Strong, hand-clapped rhythms such as those that feature alongside clipped R&B in the killer “Real Thing” only strengthen this position, while the rootsy “Rocking Chair” and its fiddle are as traditional as you’re ever gonna get on a tUnE-yArDs record. Nikki Nack is not simple genre tourism however – it’s personal.
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4 of 4 people found the following review helpful By Corchito on 10 May 2014
Format: Audio CD
This is an album of 10,000 different ideas coming at you one after the other. For a few listens it's a bit overwhelming, but every time you hear it you notice something different so it keeps you coming back. The production is excellent so if you've got a good hi-fi you'll be well rewarded. I'm currently listening to it as the perfect antidote to the Eurovision Song Contest, :-)
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1 of 1 people found the following review helpful By Ms. T. Daniels on 17 Oct. 2014
Format: Audio CD
Merrill Garbus, the mastermind behind tUnE-yArDs, has always been capable of capturing lightning in a bottle. Possessing a blatantly powerful voice, a cut-paste production style and a vast array of sounds, she sticks out like a sore thumb. With Nikki Nack, Garbus has refined the rugged qualities of previous albums Bird Brains and Whokill, creating a more accessible beast without sacrificing her off-kilter pop eccentricities.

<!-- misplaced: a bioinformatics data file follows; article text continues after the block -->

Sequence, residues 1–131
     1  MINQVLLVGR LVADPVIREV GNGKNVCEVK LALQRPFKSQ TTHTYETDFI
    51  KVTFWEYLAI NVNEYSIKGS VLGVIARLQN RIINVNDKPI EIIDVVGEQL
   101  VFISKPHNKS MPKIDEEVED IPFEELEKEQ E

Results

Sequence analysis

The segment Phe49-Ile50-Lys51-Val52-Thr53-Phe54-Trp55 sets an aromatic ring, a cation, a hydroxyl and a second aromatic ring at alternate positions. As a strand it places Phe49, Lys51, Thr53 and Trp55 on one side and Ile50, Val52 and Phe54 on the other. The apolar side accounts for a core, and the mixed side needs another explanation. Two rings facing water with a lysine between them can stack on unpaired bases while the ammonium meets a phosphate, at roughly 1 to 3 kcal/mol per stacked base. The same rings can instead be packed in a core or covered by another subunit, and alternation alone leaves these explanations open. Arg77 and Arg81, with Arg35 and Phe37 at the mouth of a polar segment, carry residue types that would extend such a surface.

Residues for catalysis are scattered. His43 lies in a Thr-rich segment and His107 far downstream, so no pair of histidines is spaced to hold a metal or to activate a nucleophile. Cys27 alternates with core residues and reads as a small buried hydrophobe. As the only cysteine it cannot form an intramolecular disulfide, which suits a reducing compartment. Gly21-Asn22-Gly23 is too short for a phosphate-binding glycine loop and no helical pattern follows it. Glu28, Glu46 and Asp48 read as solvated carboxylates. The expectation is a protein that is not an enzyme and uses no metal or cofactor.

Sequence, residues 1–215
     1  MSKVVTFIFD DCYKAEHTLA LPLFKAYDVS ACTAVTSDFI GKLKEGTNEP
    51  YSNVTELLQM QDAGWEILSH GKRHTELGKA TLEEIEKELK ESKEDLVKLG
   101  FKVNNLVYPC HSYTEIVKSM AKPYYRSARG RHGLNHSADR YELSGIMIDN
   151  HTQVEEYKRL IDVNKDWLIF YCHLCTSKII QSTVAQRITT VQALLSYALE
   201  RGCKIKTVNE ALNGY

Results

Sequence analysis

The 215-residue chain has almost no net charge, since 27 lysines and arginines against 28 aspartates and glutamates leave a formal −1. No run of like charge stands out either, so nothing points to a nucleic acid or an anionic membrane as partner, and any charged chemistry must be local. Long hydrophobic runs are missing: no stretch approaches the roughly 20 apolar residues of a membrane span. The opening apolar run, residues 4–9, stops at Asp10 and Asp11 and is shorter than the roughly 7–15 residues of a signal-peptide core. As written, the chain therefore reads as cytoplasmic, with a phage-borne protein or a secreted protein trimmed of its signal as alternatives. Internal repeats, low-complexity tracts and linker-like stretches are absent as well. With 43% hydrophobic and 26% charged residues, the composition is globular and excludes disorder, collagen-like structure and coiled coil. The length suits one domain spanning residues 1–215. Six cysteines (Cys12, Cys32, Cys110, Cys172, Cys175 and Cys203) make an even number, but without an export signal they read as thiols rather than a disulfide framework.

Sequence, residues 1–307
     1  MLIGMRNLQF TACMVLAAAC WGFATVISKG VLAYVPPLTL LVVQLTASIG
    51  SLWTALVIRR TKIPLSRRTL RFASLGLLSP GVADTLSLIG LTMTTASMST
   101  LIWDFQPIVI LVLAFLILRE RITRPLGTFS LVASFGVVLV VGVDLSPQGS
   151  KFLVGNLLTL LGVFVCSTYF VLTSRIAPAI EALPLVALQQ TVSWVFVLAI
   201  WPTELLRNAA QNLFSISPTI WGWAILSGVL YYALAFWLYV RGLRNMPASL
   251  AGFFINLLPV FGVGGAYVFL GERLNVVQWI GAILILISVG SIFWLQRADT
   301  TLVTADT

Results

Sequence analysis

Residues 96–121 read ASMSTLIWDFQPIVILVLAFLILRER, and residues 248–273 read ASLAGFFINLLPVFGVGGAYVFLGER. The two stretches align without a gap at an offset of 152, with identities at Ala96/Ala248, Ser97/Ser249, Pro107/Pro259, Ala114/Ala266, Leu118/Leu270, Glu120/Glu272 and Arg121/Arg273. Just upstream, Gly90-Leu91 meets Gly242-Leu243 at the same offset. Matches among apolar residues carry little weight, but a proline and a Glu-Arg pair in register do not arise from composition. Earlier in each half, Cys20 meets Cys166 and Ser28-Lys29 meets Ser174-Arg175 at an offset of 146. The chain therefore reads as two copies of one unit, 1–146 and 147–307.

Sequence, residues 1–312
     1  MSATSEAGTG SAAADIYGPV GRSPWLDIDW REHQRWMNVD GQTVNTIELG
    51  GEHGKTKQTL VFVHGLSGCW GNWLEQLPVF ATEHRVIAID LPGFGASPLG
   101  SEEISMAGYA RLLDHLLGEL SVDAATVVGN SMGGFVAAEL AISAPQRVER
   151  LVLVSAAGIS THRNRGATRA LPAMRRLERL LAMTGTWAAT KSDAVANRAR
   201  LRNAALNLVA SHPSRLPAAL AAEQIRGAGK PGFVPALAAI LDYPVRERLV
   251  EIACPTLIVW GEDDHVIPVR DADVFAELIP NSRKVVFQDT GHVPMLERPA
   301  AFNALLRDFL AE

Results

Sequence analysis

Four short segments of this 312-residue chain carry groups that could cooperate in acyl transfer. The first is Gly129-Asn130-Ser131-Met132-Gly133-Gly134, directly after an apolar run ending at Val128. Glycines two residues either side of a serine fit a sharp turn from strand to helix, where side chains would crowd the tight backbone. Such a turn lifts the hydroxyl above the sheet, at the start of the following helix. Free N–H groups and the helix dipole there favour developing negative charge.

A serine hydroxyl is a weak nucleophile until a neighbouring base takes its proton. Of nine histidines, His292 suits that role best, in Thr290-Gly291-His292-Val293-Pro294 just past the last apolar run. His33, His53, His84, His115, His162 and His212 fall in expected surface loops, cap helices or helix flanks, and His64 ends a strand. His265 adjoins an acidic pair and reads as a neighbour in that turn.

From the bombardment of drums and keys twenty seconds into opener “Find a New Way”, the listener is hurled into wave upon wave of sound and ever-shifting time signatures. tUnE-yArDs delivers a tribal ruckus, chanting infectious hooks among skittering drumbeats. Other tracks follow suit, including standout single “Water Fountain”. Arguably the catchiest song tUnE-yArDs has conceived to date, Garbus flaunts a comical, childlike charm as she roars through an irresistible chorus, valiantly harmonising amid multiple layers of her voice to a glorious climax.

As Nikki Nack gallops forward, Garbus gradually adds extra ingredients to her melting pot of creativity. The r'n'b flavoured “Real Thing” bears similarities to Destiny’s Child and lyrically addresses the emptiness of fame, while synth-laden “Wait for a Minute” is comparable to the likes of Little Dragon and Dirty Projectors. The tracks are much more subdued than the tantrums of noise exuded elsewhere, and surprisingly Nikki Nack offers many delicate moments in addition to this. “Look Around” and “Time of Dark” present an entirely different side of tUnE-yArDs, and provide ample breathing room between her energetic output.

Unfortunately, Nikki Nack does suffer from some unimaginative spots.
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By SCREEN77 on 1 Jun. 2014
Format: Audio CD
This had instant appeal,previous albums needed two or three listens before clicking.This,i think,is the most inventive so far & the vocals are just stunning,almost have an african or a world music feel to them.Musically this is hard to describe but quirky pop just about sums it up.